7 Classic Polish Winter Landscapes
The Polish wintertime may sometimes be harsh but it never fails to be strikingly beautiful. Here you can behold its stark glory through seven late 19th-century paintings created in the realist style by masters like Julian Fałat and Józef Chełmoński, along with some info about these iconic pieces and their authors.
Julian Fałat is widely considered, and rightfully so, one of Poland’s leading landscape painters. However, this particular painting, an oil one, isn’t of the kind that’s typically associated with him – he’s usually best remembered for his early 20th-century watercolours, impressionistic in character and inspired by Japanese art. Still, Bear Hunt, a testimony to his earlier fascination with realism, is a splendid composition, highly evocative of the spirit of wintertime. It shows a hunt in Nieśwież, an aristocratic estate whose (former) area lies in today’s Belarus. Even though Nieśwież lies abroad, the nature shown in the painting is something you could easily encounter in Poland in its eastern parts.
This piece’s author, Alfred Wierusz-Kowalski, was born in Suwałki, a town often referred to as Poland’s pole of cold because of its icy climate. The harsh winters of his childhood which he spent in the Suwałki area may have played a part in him later becoming a painter especially valued for his winter scenes. His depictions of snow are said to be second to none, but he was also superb at showing horses and had a great eye for details, e.g. clothing. Keen on creating scenes with processions and horse wagons, the artist included his favourite things in Kraków Wedding as well as ones he painted best, which explains why this cheerful work has so much appeal.
After living in Paris for over a decade, where his genre paintings were highly appreciated both by critics and audiences, Józef Chełmoński came back to his homeland of Poland in 1887. While he had left in search of success, he returned to focus on painting landscapes. Some say that Partridges, one of Chełmoński’s most famous pieces created after 1887, expresses his pantheistic beliefs, while others argue that it’s an allegory about the Polish nation, whose country was partitioned throughout the 19th century. Whatever may be the case, the cold flock in the endless white masterfully conveys the stark beauty of Poland’s coldest months.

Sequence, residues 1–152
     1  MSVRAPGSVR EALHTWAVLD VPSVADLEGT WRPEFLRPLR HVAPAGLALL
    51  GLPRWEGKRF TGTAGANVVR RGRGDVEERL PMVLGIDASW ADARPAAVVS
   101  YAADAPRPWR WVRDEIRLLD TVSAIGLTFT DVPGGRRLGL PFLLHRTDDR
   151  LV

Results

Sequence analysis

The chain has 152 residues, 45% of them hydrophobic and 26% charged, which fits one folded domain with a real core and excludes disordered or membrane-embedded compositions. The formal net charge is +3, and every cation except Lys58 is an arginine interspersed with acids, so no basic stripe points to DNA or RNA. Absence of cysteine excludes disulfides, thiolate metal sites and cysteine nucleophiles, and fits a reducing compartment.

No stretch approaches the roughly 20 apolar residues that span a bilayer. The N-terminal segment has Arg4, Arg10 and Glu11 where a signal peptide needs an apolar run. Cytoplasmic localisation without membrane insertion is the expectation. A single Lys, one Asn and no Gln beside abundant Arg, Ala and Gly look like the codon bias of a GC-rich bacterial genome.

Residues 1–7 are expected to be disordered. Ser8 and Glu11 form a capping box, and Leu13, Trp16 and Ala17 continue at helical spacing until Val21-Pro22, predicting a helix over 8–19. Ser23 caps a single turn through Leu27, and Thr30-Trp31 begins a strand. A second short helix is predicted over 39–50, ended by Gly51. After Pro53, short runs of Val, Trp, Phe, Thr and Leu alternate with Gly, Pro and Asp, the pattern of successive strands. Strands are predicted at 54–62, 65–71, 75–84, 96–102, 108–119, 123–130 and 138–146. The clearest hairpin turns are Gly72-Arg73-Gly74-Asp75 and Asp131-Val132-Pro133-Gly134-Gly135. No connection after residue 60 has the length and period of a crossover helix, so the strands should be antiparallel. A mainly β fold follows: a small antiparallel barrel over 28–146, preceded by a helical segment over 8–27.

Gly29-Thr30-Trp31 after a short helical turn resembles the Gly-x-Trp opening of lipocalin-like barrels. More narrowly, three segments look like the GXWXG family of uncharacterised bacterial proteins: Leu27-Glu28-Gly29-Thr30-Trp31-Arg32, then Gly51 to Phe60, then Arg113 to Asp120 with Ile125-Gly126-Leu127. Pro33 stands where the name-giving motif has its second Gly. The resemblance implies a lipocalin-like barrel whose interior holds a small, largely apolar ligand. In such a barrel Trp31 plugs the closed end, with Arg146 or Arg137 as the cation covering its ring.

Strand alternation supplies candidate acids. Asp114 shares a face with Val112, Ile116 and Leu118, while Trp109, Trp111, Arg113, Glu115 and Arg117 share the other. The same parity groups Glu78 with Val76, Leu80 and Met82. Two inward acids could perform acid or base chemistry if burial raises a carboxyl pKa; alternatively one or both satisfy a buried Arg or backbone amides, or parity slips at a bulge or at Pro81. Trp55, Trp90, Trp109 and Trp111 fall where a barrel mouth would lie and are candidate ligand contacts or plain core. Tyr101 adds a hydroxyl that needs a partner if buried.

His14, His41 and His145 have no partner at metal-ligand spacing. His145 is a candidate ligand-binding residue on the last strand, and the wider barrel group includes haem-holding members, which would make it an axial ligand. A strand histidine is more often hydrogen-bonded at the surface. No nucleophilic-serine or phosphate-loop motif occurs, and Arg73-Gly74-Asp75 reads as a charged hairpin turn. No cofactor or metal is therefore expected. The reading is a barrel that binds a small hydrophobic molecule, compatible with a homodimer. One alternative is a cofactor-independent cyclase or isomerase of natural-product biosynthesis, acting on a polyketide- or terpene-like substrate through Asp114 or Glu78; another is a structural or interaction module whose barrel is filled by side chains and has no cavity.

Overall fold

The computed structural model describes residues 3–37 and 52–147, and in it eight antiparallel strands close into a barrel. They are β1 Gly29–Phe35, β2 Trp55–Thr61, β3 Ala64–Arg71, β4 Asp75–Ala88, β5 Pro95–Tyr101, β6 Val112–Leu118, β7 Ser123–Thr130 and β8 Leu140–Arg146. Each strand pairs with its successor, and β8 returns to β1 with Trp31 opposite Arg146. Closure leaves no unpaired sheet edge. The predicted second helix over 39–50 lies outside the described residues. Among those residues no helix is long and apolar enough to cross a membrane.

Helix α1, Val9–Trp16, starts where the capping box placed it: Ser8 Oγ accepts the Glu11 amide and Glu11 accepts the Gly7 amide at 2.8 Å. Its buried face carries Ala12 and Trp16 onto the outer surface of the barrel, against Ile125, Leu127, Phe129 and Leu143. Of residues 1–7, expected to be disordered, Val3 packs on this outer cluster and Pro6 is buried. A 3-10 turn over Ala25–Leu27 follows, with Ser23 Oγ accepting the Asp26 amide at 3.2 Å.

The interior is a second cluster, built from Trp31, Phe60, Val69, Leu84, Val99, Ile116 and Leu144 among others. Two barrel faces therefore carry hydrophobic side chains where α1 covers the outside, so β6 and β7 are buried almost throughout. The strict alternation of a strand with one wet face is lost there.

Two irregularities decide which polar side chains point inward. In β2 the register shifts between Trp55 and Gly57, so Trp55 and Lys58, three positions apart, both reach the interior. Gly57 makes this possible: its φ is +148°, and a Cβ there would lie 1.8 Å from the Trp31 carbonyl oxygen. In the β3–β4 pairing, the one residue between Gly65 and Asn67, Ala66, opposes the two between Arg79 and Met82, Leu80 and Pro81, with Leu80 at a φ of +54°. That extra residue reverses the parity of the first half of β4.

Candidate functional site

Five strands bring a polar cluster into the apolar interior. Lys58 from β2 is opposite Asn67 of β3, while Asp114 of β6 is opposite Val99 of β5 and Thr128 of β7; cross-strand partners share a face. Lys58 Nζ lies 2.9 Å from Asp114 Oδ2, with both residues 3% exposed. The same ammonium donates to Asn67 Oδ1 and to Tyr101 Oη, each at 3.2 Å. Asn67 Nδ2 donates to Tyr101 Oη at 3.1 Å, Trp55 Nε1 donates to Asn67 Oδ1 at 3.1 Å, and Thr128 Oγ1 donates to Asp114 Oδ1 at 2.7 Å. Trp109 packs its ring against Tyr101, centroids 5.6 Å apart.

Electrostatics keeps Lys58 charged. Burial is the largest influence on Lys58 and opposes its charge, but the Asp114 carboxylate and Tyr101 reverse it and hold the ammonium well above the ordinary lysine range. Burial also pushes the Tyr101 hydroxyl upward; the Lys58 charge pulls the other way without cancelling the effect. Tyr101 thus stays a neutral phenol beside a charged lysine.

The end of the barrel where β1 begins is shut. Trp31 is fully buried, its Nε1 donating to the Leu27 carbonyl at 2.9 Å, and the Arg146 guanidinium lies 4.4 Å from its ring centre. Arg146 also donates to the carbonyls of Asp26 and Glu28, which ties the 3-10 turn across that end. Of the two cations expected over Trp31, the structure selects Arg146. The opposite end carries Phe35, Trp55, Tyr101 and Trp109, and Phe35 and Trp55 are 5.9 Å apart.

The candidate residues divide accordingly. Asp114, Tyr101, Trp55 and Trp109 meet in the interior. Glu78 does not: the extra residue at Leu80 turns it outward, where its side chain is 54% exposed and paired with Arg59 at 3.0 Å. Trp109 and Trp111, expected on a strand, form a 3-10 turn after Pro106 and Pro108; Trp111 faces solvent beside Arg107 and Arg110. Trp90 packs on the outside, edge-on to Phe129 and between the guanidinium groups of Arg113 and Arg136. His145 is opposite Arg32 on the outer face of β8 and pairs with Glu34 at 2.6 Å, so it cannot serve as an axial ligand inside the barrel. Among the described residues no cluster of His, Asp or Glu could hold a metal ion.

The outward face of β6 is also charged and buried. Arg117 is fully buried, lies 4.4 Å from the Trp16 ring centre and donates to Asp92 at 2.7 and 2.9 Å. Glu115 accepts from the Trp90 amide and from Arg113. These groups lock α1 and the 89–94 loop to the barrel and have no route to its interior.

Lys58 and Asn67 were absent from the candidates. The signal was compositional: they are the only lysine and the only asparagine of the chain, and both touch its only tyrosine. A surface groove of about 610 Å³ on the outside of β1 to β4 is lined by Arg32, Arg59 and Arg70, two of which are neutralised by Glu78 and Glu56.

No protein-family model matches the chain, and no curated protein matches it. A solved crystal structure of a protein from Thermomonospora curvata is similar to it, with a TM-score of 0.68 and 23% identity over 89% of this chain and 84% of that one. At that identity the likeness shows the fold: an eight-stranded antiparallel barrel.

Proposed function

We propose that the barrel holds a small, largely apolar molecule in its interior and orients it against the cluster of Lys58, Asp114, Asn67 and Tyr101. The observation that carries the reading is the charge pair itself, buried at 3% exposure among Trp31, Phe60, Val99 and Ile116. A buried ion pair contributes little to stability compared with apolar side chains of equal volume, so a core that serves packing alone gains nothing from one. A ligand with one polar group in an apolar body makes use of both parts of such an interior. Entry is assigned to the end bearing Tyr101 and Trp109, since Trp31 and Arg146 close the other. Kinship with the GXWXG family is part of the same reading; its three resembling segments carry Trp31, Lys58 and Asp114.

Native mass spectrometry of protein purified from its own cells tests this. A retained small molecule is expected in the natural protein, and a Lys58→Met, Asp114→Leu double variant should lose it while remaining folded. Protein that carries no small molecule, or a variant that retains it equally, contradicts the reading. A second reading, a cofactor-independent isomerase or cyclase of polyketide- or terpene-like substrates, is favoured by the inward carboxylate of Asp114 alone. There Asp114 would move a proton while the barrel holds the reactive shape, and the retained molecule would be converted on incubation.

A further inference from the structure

Another view from an area that once belonged to Poland but is now part of a different country. In this painting by Teodor Axentowicz, you can see the Hutsul region in the Carpathian mountains of today’s south-western Ukraine. The region and the highlanders inhabiting it, an ethnic group known as the Hutsuls, were shown in many a canvas by the artist due to his strong interest in local customs, religious rituals and clothing. In Axentowicz’s depictions of the Hutsuls you can often see majestic, snow-covered mountain views that bring to mind the Carpathian hills that lie in the south of today’s Poland.
‘Halny’ is the name of a kind of incredibly strong wind that blows periodically through Poland’s Tatra Mountains. In this scene, you can see the effect it has on a lonely pair of trees. The canvas was made by Stanisław Witkiewicz who for many years lived at the foothills of this range, in the picturesque town of Zakopane where he led a Bohemian life and developed a taste for highlander culture. Apart from being active as a painter, the diversely-talented Witkiewicz was also a writer and architectural designer. In one of his short stories, Witkiewicz, who believed that portrayals of nature should involve showing the inner state of the artist, wrote a passage considered a comment to Halny Wind, where he mentions a pair of spruces ‘tussling in desperate powerlessness’.
Here you can see what is most probably a view of the countryside near Kraków. Such places, usually boggy ones lying in the vicinity of the Vistula river, were often painted by the painter behind Winter Landscape, Roman Kochanowski. This particular piece is a great example of his ability to convey the occasional dampness of the winter climate and of his masterful use of colours, both things for which he’s highly valued. Despite the overall melancholy of this scene, which features a rather humble settlement on a cloudy day, it captures the Polish wintertime in a manner that’s both compelling and visually attractive.
Aleksander Gierymski is one of Poland’s most prominent realist painters. He’s often remembered for the play of light and colour captured with unparalleled skill in many of his canvases, as well as for a series of works showing the poorest neighbourhoods of 19th-century Warsaw. Saxon Garden, not a part of that series but nevertheless a marvellous view from the capital, is a city landscape showing one of Warsaw’s gardens. It most likely presents what the painter encountered during his 1887 visit to the city. The bare trees, brownish ground and falling snowflakes are characteristic of the transition between autumn and winter in Poland. Similar conditions occur also when Poland’s coldest months end, a time that always receives a warm welcome.
Author: Marek Kępa, Jan 2017